Total combined economic losses from heavy seasonal rainfall across India are estimated at $4 billion

A report on natural catastrophes during the month of October 2020 reveals that hurricanes and devastating wildfires are driving claims losses. Aon’s Impact Forecasting notes that storms Delta and Zeta have added to multi-billion-dollar losses in the US in October.

Hurricane Delta made landfall in the US on 9 October along the southern coast as a Category 2 hurricane, bringing significant storm surge, incessant rainfall and hurricane-force wind gusts to eastern Texas and southwestern Louisiana. Total economic losses were anticipated to approach $4 billion, with roughly half covered by public and private insurers.

Hurricane Zeta rapidly intensified in the Gulf of Mexico to also make landfall on the southeastern Louisiana coast on 28 October as a high-end Category 2 storm, killing six people and becoming the record 11th-named storm to impact the mainland US during the 2020 Atlantic Hurricane Season. Total economic and insured losses are each anticipated to exceed $1 billion.

Major wildfires continued to sweep across regions of the US in October, with the greatest impacts observed in California, Colorado and Oregon. In California, the Glass Fire destroyed 1,555 structures while damaging an additional 280. Seasonal direct economic costs from the fires across California, Colorado and Oregon were estimated to exceed $13 billion, while insurers faced payouts beyond $8 billion, with both estimates subject to change.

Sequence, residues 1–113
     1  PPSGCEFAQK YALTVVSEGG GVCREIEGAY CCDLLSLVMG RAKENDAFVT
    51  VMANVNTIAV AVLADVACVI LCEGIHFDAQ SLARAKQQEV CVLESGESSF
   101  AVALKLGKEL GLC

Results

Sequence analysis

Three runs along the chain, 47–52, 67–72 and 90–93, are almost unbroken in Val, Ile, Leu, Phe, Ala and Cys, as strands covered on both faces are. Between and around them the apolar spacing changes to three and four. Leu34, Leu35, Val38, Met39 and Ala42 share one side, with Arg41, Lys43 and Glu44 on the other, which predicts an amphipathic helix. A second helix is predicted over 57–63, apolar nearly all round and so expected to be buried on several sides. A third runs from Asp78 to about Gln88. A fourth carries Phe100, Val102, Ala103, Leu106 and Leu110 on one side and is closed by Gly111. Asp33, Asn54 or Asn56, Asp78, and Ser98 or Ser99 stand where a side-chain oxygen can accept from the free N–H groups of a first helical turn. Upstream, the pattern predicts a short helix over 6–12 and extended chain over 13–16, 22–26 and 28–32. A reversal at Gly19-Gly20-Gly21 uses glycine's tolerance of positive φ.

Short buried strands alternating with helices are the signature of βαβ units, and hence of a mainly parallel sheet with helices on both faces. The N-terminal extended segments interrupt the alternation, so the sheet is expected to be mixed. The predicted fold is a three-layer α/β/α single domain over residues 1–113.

Statewide in California, no less than 4.1 million acres (1.66 million hectares) have burned in 2020, resulting in 31 fatalities, and destroying at least 10,488 structures. In Colorado, three of the top four largest fires on the state’s modern record have occurred since July 31.

In Asia, since the beginning of October, heavy seasonal rainfall due to an extended monsoon season combined with multiple low-pressure systems affected the Indian states of Andhra Pradesh, Telangana, Karnataka and Maharashtra, killing at least 142 people and affecting approximately one million hectares (2.5 million acres) of cropland nationwide, as well as damaging or destroying tens of thousands of houses and other structures. The total combined economic losses were estimated at $4 billion.

In Australia, a severe storm with hailstones measuring up to 14 centimeters (5.5 inches) in diameter impacted the greater Brisbane metro region on October 31. The Insurance Council of Australia (ICAUS) declared a catastrophe and noted 26,000 claims worth A$300m as of November 9.

Meanwhile, in Europe, devastating floods occurred in Alpes-Maritimes of southeastern France and Piemonte in northwestern Italy after the passage of storm Alex, killing at least 16 people, and triggered by extremely intense precipitation during a phenomenon known as a Mediterranean episode.

Authorities initially estimated total economic losses at approximately €2.7 billion ($3.2 billion), with insurers expecting notable payouts in the hundreds of millions of euros.

Steve Bowen, director and meteorologist on the Impact Forecasting team at Aon, said: “The month of October and into early November continued what had already been a record-setting pace for the Atlantic Hurricane Season. With additional US mainland landfalls, the country has set new records for the number of named storm landfalls (12) and hurricanes (six) in years dating to 1851. While the scope of impact to human life and property has been significant, the reality is most of the landfalls have generally missed the highest population density areas along the coastline. The season has been very active, but it could have been even more difficult.”